4 Ways Retail Leases Must Change

4 Ways Retail Leases Must Change 1440 428 ASG

Across virtually every industry, big data is being favored as the must-have to drive strategic company-wide initiatives. The retail industry, particularly in terms of real estate, must be willing to utilize critical information that can have a massive impact on decision-making related to marketing and location. Businesses must move in ways that are parallel to how consumers are moving, and there is only one way to effectively do so: big data.

The retail real estate evolution is here, and retail leases must change to reflect this. Ignoring the overwhelming change that is occurring will harm both landlords and retailers. Core functions of retail strategy, such as leasing, are historically conservative, but for retailers, innovation is essential, and lease language must reflect the changes retailers are making to meet the needs of their consumers. Retail leases must consider these four areas:

Smaller stores have more potential.

Retailers are no longer interested only in square footage. More space means higher fixed costs. Today’s savvy omnichannel retailer often needs less space; consumers do not need hundreds of aisles to roam when an iPad with overnight shipping is placed conveniently in a smaller setting filled with touchable displays. Smaller stores offering a more personal experience to the consumer who wants to be considered an individual – not a number – will thrive.

Pop-ups are popping up everywhere.

Retailers of all kinds are seeing the benefits of the pop-up store; neglecting to include this retail lease option leaves landlords unable to compete for new business. Long-term tenants used to mean security, but if you insist on a long-term lease, you may end up with space that simply sits empty. A pop-up lease offers benefits to both parties, as costs can be negotiated monthly. Perhaps a retailer simply wants to create a buzz about a new product but does not want a permanent store. Another could be considering a location but desires a test-run before signing a long-term lease. With clauses in place that protect the interests of everyone involved, the pop-up lease is likely to become more common.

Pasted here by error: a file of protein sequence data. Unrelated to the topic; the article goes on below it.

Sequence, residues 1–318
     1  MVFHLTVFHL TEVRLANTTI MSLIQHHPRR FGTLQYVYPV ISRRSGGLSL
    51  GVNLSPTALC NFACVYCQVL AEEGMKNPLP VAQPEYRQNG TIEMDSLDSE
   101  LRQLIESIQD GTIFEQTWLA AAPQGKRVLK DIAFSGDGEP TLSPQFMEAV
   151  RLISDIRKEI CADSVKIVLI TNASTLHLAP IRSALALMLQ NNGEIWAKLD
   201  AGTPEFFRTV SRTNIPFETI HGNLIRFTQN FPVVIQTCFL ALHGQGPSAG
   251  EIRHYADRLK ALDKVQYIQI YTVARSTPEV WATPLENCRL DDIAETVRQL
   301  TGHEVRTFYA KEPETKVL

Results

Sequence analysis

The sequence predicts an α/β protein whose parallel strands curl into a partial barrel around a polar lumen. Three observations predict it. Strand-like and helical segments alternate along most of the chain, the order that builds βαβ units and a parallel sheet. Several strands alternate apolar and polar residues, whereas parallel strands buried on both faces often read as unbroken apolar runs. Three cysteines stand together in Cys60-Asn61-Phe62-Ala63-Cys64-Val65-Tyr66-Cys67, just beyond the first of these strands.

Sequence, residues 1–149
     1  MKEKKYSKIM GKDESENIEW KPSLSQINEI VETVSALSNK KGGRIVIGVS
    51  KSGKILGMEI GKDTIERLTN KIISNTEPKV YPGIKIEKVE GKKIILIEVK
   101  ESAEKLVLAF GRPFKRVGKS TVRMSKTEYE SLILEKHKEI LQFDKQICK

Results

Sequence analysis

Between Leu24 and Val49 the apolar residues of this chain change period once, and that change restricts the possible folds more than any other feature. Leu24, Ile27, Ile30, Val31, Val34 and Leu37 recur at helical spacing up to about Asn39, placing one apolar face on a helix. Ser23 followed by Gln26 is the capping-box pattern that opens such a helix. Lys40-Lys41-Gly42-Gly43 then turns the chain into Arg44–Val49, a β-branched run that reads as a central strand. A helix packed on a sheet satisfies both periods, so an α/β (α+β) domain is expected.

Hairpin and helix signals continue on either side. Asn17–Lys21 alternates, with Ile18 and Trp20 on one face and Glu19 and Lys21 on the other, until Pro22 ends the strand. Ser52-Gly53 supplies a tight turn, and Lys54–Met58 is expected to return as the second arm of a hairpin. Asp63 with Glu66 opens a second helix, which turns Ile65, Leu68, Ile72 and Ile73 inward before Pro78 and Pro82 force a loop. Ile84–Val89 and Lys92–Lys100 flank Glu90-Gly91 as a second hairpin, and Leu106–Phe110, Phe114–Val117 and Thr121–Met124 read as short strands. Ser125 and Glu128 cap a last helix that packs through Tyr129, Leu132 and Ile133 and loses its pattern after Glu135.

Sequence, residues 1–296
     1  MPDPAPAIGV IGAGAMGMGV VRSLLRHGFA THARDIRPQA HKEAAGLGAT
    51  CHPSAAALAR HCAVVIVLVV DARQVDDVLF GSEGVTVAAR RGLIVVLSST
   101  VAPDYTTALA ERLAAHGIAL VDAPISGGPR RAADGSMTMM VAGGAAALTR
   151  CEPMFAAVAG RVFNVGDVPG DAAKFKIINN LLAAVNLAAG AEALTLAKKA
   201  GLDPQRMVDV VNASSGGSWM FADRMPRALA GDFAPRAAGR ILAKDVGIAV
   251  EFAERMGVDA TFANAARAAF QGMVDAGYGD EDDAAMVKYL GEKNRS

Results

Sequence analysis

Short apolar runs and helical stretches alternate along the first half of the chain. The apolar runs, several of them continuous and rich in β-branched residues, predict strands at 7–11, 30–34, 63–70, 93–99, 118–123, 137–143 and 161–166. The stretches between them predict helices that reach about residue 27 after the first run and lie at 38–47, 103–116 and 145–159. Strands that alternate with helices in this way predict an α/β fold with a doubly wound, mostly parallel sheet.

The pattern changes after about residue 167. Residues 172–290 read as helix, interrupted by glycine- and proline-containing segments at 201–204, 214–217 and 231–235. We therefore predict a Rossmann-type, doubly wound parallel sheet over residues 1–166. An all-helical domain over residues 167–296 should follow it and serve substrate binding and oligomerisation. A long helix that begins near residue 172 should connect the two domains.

In-store sales have less importance.

Traditionally, the cost of the retail lease is based in part on a percentage of profits. However, with the significant shift in the measurement of KPIs, basing lease costs on sales is no longer the most strategic approach. Some retailers are piloting stores with inventory for customer viewing only, directing consumers to make purchases online. Other retailers are offering a space for patrons to simply meet with other coworkers and are not demanding a sale. With the growing trend of delivering experiences, with purchases being made between multiple platforms, a lease based on profits per location is no longer applicable.

Usage is always fluctuating

The language of many leases includes specifics (like operating hours) and outlines the approved usages of the space. With the retail landscape shifting quickly, such language is outdated. An innovative retail lease should include language that allows the retailer to be flexible to meet the needs of the consumer.

Consumers are demanding an innovative approach from their retailers, and for retailers to deliver, landlords must adjust leases accordingly. A retailer’s efforts to retain and grow their customer base, improve brand loyalty, and remain profitable require nimble flexibility, and lease language needs to be drafted accordingly. The inability to be flexible with the lease language can result in empty space.